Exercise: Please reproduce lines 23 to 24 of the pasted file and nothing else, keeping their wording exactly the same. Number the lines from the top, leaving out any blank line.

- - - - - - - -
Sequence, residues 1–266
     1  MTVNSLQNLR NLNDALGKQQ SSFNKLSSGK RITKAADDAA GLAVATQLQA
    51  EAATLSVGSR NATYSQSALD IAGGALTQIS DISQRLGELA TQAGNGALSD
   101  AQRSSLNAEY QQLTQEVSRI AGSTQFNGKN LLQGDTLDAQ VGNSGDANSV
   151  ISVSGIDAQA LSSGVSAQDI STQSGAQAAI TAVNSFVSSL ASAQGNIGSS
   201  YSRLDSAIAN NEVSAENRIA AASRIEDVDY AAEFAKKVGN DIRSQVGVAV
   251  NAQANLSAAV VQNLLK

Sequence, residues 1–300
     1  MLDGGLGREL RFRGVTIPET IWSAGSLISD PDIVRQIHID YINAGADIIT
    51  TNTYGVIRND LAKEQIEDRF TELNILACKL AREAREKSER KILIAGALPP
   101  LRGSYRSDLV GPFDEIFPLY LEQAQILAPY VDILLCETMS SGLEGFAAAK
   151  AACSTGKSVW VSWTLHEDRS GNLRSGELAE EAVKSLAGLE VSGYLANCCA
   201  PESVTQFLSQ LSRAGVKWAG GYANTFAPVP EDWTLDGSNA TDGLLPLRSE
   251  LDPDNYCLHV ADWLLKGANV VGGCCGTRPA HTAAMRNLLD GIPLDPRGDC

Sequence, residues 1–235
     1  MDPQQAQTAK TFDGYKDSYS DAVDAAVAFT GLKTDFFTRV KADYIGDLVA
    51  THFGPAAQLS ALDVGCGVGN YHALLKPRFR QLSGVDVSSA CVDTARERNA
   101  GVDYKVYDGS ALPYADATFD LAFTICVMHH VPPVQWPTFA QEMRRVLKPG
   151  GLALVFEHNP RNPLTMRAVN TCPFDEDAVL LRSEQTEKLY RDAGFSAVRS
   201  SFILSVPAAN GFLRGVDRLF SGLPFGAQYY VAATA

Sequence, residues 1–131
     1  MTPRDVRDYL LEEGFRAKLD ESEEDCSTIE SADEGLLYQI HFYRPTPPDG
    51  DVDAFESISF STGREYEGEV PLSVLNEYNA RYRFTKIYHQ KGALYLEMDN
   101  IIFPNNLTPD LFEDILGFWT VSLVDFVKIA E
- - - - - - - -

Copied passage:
    51  DVDAFESISF STGREYEGEV PLSVLNEYNA RYRFTKIYHQ KGALYLEMDN
   101  IIFPNNLTPD LFEDILGFWT VSLVDFVKIA E